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Sunday, June 19, 2011

Grace and Peace

"Grace to you, and peace, from God our Father and the Lord Jesus Christ" (Phil. 1:3).  Paul's words resound across the centuries from his imprisionment in a first century Roman jail to our hearts, as we read his epistle written to Philemon of Colossae.  Colossae was a city in the Valley of the Lycus River, which was a branch of the Meander River in the southwest region of ancient Phrygia (Asia Minor).  The occaision of the writing of this personal letter, was Paul's entreaty to Philemon to receive the fugitive Onesimus back to himself as a brother, rather than as a slave.  The motifs of forgiveness, discretion, and restoration ring throughout this short letter, which contained only 334 words in the original Greek text.

The epistle of Philemon was hand delivered to its namesake by none other than Onesimus himself, who was accompanied by Tychicus.  Paul identifies himself as the author, as he acknowledges Timothy as his brother and Philemon as their fellow laborer.  Timothy was Paul's spiritual son, as was Onesimus, as the apostle had led both of them to salvation.  The name Timothy means "honored or valued of God, or worshipper of God."  From the Greek, Philo, means "lover," Philemon's name translates to "friendly or affectionate man."  Paul describes Philemon as dearly beloved, as well as a fellow laborer in this book.  The Greek word sunergos, which is the root of the word, synagogue, is associated with leading together, an assembly or congregation.  This is exactly what verse two of this book says that Philemon hosted in his home, "And to our beloved Apphia, and Archippus our fellow soldier, and to the church in thy house."  The name Apphia, is qualified in some translations as, "our sister."  The male equivalent of this name means "revivified."  Archippus means, "master of the horse," he was a Christian of Colossae, a close friend of Philemon, and most likely the pastor of this house church.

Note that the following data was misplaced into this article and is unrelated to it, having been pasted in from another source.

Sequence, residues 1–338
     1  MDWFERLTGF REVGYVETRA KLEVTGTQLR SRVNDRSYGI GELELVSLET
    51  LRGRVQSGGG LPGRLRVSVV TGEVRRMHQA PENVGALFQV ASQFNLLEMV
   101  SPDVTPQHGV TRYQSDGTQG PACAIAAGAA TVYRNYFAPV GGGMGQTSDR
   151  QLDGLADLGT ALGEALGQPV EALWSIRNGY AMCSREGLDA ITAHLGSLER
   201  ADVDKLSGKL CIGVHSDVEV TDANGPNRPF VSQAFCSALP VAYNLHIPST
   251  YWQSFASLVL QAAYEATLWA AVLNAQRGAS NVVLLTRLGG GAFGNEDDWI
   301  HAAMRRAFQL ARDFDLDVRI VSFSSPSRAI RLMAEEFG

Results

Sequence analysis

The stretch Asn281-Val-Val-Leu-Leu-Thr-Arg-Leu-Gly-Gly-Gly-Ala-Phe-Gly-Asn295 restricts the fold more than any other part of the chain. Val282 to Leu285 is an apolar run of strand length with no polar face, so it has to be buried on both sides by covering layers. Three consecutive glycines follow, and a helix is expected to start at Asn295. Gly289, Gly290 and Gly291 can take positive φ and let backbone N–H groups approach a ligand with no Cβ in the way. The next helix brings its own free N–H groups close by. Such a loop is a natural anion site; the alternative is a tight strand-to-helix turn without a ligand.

Paul characteristically offers a prayer of thanksgiving and encouragement as he praises Philemon for his love, faith, and care of the saints.  It is interesting that this letter was written in the early 60s by a slave of Christ in bonds of men, on behalf of a renegade slave, to another slave of Christ.  Each of these men had intimate knowledge of what is means to be constrained by bonds.  Each of these men had tasted the forgiveness that Christ's sacrifice offers.  Each of these men were responsible, as we are, to extend this magnanimous forgiveness to those who have wronged them.

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